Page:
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Halifax County trustees stick to high school plan

SoVaNow.com / March 14, 2019
The Halifax County School Board reaffirmed their support Monday night for a new high school in the face of criticism that the project is too costly, with trustees defending the estimated $99 million price tag one week after the Halifax County Board of Supervisors ordered its own architectural study on an HCHS upgrade.

“We are going to build a new high school,” said School Board Chair Joe Gasperini at the trustees’ regular monthly meeting Monday night in Halifax.

Gasperini argued that delaying action on a replacement for the tattered HCHS facility will drive up the cost by $7 million or more with each passing year: “It’s just a matter of when we do it. And the sooner we do it, the cheaper it will be for the community.”

Orey Hill, ED-1 trustee, added that Halifax County has a “one-time shot” to rebuild HCHS without having to rely solely on property tax revenue to finance construction. Hill was referring to the local sales tax referendum that county leaders anticipate placing on the November general election ballot. The proposed 1-cent tax would cover roughly half the cost of a new high school.

Hill urged citizens to consider what will happen if the county fails to pass the sales tax and opts not to build a new high school — something he suggested has to happen soon, if not now.

“If 10 to 15 years from now, if you think we’re going to need a new high school and you don’t want to pay 20 cents on the real estate tax, this is the time,” said Hill, adding, “If that [referendum] doesn’t pass, it’s never coming again.”

However, two members of the audience who spoke at Monday’s meeting urged trustees to consider less pricey alternatives to a new facility. One speaker, Kathy Fraley of Nathalie, has qualified to run for School Board in November against Hill, who has filed for re-election.

Fraley called the nearly $100 million estimate for a new HCHS “unsustainable,” and voiced support for a plan first floated by ED-1 supervisor J.T. Davis to consolidate grades 7-12 at the Halifax County Middle School building and return sixth graders to the county’s seven elementary schools. Of the School Board’s push for a new high school, “We don’t have the plans, we don’t have the money, we only have a dream,” said Fraley in prepared remarks.

She said a HCHS replacement, financed solely with real estate tax revenue, would push up the existing tax by 21 cents, on top of the current rate of 48 cents per $100 in value. Gasperini disputed that figure, saying the property tax would likely rise by between six and eight cents, provided the local sales tax is approved by voters.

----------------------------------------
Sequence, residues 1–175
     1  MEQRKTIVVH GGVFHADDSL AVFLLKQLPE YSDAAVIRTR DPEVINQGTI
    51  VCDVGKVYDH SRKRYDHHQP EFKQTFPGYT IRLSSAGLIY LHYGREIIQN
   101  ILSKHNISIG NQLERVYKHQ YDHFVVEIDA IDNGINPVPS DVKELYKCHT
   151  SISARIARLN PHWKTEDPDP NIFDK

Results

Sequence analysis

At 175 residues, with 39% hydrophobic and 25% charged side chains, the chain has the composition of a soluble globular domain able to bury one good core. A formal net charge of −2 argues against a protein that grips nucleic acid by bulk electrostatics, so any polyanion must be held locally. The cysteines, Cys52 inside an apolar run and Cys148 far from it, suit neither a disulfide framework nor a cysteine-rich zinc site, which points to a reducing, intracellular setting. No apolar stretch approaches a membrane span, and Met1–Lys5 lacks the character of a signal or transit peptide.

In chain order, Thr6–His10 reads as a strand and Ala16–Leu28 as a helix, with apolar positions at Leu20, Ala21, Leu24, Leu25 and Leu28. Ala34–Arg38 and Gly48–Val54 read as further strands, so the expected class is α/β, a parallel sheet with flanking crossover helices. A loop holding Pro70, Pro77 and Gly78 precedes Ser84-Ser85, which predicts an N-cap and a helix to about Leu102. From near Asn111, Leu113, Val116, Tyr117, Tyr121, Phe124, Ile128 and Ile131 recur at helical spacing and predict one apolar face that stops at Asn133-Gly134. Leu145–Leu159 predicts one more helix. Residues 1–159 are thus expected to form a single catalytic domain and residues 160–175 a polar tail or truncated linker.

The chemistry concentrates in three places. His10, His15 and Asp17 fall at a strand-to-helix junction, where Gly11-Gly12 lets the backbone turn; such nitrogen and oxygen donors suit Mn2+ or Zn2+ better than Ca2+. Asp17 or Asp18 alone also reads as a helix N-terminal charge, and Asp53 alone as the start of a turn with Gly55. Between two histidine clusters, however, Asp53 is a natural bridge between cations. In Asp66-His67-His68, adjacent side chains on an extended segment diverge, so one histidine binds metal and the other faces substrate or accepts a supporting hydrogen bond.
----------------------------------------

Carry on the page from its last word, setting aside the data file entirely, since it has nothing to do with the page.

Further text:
Also speaking out against a new high school was Phyllis Smith, also from Nathalie and a former ED-1 school trustee. She pointed to the experience of Mecklenburg County, which is building a new school at a cost of somewhere between $104 million and $131 million. That school, a consolidated middle school-high school complex, is being built to accommodate 2,500 students in grades 7-12.

The price tag for Mecklenburg’s facility, she argued, is much less on a per capita basis than Halifax’s proposal for a $99 million high school to house a population of just under 1,500 students.

“Maybe [Mecklenburg officials] could suggest how they are building two schools” — the consolidated middle school and high school — “for a much more reasonable amount than the $100 million-plus price being discussed for our county,” said Smith.

Trustees defended the work of the board’s design firm, Moseley Architects, by praising its reputation for school quality and pointing out aspects of the proposed facility that make it more than “just a structure,” in the words of ED-2 trustee Roy Keith Lloyd.

Moseley’s design is not simply for “a high school, but a career development center,” Lloyd said, “something other counties will look at and want to model [their own high schools] after Halifax County.”

Vice chairman Sandra Garner-Coleman chimed in that “our target is not to build a Taj Mahal by any means,” but rather “something feasible, that will produce a good learning environment for our children, and that our county will be proud of.”

Coleman also said the School Board is doing everything it can to “chisel away” at the cost of the replacement facility while providing “the very best for our children with this quality school, spending as [little] money as we possibly can.